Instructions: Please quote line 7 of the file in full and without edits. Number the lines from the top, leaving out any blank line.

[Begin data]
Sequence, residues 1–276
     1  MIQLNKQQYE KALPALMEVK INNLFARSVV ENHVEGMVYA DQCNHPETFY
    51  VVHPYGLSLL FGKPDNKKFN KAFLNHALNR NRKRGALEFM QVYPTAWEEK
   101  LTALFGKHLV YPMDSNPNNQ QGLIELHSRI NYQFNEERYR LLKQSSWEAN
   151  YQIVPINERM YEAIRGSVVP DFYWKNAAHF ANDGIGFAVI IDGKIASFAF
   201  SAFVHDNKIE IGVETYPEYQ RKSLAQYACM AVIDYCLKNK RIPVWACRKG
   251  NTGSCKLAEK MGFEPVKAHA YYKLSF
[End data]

   251  NTGSCKLAEK MGFEPVKAHA YYKLSF